Alefia Hakim recommends This Is How It Always Is by Laurie Frankel. Alefia shares, "I would love for others to read this book because it's an excellent example of family ties, decisions made as parents, and the love and support from siblings. The author has an amazing depiction of marriage between the main characters. It reminded me of my own relationship and how a supportive and encouraging partner can make a great relationship."

This is how it always is by Laurie Frankel
Also available in: e-book | e-audiobook | large print

This is Claude. He's five years old, the youngest of five brothers, and loves peanut butter sandwiches. He also loves wearing a dress, and dreams of being a princess.

When he grows up, Claude says, he wants to be a girl.

Rosie and Penn want Claude to be whoever Claude wants to be. They're just not sure they're ready to share that with the world. Soon the entire family is keeping Claude's secret. Until one day it explodes.

Laurie Frankel's This Is How It Always Is is a novel about revelations, transformations, fairy tales, and family. And it's about the ways this is how it always is: Change is always hard and miraculous and hard again, parenting is always a leap into the unknown with crossed fingers and full hearts, children grow but not always according to plan. And families with secrets don't get to keep them forever. 

Janice Ford recommends A Computer Called Katherine by Suzanne Buckinham Slade. Janice shares, "Katherine was a math whiz, who was African American and was instrumental in providing the necessary math calculations for NASA's first human space flights." Janice also shares, "I selected this book because, as an engineer, I want to share Katherine's contribution to the world, especially with young girls and minority children in our community. I want them to be encouraged to dream big and to plunge into the Science Technology Engineering Mathematics (STEM) fields." 

The inspiring true story of mathematician Katherine Johnson--made famous by the award-winning film Hidden Figures--who counted and computed her way to NASA and helped put a man on the moon!
Katherine knew it was wrong that African Americans didn't have the same rights as others--as wrong as 5+5=12. She knew it was wrong that people thought women could only be teachers or nurses--as wrong as 10-5=3. And she proved everyone wrong by zooming ahead of her classmates, starting college at fifteen, and eventually joining NASA, where her calculations helped pioneer America's first manned flight into space, its first manned orbit of Earth, and the world's first trip to the moon!

Zainab Hakim recommends Strange the Dreamer by Laini Taylor. Zainab shares, "This book is extraordinary in all aspects! The plot is so unique, main and side characters have amazing arcs, the worldbuilding is, well, out of this world, but above all, it is one of the most exquisitely written books I have ever read. The sentences are lyrical and poetic and will immediately transport you directly into the story."

Strange the dreamer by Laini Taylor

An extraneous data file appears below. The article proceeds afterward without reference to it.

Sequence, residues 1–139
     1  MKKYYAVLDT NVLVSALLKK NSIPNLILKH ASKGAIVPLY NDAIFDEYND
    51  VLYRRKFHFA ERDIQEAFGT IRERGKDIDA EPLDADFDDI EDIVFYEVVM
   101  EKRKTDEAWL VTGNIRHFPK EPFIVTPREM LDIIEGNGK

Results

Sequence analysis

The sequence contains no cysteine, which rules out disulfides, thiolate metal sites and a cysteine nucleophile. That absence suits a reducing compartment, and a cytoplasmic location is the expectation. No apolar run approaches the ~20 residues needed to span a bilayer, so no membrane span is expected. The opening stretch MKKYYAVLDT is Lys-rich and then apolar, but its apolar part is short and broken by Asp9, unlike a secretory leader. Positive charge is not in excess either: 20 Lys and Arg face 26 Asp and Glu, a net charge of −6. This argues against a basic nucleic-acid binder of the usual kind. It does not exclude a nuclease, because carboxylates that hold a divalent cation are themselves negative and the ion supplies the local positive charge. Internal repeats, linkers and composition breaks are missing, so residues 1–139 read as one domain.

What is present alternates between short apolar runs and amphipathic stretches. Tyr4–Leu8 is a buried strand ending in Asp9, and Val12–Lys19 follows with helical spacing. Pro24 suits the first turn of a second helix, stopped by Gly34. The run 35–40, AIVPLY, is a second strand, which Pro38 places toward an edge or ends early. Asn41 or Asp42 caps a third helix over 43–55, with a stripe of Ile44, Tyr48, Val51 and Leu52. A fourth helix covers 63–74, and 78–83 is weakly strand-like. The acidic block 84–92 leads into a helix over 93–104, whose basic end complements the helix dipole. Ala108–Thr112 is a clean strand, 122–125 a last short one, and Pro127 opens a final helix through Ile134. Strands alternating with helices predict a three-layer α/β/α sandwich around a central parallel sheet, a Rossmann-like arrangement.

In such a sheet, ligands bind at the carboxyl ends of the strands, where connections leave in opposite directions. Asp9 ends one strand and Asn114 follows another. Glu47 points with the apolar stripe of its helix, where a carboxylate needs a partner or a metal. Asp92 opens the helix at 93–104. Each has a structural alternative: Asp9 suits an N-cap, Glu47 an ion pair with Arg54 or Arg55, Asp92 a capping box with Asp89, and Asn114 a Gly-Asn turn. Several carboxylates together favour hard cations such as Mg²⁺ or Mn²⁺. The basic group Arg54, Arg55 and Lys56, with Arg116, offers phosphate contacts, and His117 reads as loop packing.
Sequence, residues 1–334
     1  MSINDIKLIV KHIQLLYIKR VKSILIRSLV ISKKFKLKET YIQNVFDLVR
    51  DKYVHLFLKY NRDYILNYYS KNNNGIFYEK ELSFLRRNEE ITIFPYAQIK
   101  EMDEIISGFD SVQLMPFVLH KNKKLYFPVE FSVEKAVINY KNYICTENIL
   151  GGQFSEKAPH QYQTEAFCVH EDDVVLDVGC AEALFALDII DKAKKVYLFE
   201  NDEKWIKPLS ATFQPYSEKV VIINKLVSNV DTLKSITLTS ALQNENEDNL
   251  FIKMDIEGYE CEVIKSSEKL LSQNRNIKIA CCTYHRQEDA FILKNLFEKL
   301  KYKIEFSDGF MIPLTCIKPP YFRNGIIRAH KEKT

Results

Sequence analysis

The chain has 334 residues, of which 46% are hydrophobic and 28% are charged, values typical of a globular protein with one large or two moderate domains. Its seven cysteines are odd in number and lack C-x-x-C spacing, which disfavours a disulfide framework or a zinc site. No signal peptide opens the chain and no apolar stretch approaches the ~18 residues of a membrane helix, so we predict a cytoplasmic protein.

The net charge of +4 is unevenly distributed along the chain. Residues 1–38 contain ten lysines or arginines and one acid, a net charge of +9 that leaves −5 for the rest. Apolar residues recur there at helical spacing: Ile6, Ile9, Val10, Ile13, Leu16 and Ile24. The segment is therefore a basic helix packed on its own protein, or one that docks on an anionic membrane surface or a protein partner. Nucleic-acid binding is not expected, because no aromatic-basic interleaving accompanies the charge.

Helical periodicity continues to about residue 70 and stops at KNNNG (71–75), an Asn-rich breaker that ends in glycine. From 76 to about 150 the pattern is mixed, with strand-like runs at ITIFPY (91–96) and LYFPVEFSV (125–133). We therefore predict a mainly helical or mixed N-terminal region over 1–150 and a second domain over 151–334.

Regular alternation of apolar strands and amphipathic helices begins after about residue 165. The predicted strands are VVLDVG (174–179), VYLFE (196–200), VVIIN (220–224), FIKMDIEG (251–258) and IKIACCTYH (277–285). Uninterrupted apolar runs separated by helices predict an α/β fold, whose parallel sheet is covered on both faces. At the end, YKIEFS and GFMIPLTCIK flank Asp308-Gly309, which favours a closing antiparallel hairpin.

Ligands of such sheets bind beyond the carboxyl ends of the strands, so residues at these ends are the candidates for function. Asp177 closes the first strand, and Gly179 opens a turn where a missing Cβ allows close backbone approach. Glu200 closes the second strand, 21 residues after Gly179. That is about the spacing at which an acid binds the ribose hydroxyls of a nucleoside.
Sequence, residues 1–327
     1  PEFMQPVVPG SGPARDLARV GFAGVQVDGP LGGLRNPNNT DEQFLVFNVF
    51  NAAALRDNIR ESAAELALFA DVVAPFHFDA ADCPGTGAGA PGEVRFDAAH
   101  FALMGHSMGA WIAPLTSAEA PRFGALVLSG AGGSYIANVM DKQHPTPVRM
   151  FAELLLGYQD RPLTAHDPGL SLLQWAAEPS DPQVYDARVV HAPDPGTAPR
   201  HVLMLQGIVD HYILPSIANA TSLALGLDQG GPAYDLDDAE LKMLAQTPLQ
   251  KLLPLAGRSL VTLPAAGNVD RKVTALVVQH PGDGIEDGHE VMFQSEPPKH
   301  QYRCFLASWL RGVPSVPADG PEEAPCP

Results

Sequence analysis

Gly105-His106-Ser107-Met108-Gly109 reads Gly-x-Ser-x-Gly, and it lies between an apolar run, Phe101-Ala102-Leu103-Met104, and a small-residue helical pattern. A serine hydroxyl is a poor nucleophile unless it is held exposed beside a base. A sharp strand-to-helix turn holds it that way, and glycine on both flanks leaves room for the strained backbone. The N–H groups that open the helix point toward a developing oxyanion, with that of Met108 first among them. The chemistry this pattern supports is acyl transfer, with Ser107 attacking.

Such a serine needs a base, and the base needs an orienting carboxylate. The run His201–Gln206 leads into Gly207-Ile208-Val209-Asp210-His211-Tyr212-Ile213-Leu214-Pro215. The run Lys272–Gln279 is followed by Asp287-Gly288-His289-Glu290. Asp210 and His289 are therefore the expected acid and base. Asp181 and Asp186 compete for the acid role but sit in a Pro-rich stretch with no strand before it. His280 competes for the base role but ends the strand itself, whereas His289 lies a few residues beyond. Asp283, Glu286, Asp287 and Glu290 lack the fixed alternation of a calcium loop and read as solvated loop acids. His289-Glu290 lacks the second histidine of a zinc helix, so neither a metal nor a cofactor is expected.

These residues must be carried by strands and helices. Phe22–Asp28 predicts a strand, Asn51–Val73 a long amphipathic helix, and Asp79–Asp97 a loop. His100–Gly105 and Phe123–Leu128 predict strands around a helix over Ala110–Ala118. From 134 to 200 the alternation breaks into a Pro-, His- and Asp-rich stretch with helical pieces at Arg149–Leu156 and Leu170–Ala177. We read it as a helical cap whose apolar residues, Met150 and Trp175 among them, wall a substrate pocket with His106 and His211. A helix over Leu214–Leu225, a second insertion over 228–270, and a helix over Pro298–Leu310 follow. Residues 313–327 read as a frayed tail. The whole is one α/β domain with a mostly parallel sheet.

Also available in: e-book | audiobook

The dream chooses the dreamer, not the other way around--and Lazlo Strange, war orphan and junior librarian, has always feared that his dream chose poorly. Since he was just five years old, he's been obsessed with the mythic lost city of Weep, but it would take someone bolder than he to cross half the world in search of it. Then a stunning opportunity presents itself, in the form of a hero called the Godslayer and a band of legendary warriors, and he has to seize his chance or lose his dream forever.

What happened in Weep two hundred years ago to cut it off from the rest of the world? And who is the blue-skinned goddess who appears in Lazlo's dreams?

In this sweeping and breathtaking novel by National Book Award finalist Laini Taylor, author of the New York Times bestselling Daughter of Smoke & Bone trilogy, the shadow of the past is as real as the ghosts who haunt the citadel of murdered gods. Fall into a mythical world of dread and wonder, moths and nightmares, love and carnage.

The answers await in Weep.

Sarah Perry recommends Christmas at Frozen Falls by Kiley Dunbar. "2019 was an extremely difficult and stressful year for me, personally. By the time I made it to December, I was ready to say 'goodbye' to 2019 and start fresh in 2020. I came across the book, Christmas at Frozen Falls and thought it sounded cute, so I bought it and read it before Christmas. I can't remember the last time a book just made me feel happy." 

 

*Currently unavailable at CPL, but click here for other options.

 

Did you know that popular, bestselling authors frequently have their titles simultaneously released in regular print and large print (as well as in audiobook and e-book formats)? And for those titles, such as J.D. Robb's Golden in Death below, the library has you covered. We strive to purchase enough titles to keep hold lists manageable and in the format that you are interested in. For each book listed below, additional formats are highlighted.

Also available in: print

Levitin looks at the science behind what we all can learn from those who age joyously, as well as how to adapt our culture to take full advantage of older people's wisdom and experience. Throughout his exploration of what aging really means, using research from developmental neuroscience and the psychology of individual differences, Levitin reveals resilience strategies and practical, cognitive enhancing tricks everyone should do as they age.